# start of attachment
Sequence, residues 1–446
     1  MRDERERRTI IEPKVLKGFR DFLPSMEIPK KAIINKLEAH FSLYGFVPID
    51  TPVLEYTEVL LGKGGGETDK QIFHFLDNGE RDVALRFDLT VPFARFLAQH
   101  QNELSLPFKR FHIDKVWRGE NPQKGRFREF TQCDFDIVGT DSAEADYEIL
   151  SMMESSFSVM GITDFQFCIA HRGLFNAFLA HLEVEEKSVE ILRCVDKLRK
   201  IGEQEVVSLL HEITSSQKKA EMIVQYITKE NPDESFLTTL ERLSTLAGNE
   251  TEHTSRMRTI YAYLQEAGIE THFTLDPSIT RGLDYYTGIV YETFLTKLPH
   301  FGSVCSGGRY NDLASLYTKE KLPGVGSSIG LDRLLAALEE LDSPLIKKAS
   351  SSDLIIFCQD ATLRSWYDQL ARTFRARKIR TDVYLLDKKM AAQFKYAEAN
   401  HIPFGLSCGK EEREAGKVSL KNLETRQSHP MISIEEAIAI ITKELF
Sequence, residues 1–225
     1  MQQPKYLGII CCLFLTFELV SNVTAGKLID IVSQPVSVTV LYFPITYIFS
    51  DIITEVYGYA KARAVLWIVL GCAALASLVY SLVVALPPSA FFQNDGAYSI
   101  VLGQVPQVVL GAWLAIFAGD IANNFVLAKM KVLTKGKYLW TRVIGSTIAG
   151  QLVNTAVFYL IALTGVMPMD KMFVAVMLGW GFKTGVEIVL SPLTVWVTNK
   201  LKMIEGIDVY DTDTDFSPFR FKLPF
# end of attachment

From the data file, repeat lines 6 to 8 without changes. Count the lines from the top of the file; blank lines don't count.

   201  IGEQEVVSLL HEITSSQKKA EMIVQYITKE NPDESFLTTL ERLSTLAGNE
   251  TEHTSRMRTI YAYLQEAGIE THFTLDPSIT RGLDYYTGIV YETFLTKLPH
   301  FGSVCSGGRY NDLASLYTKE KLPGVGSSIG LDRLLAALEE LDSPLIKKAS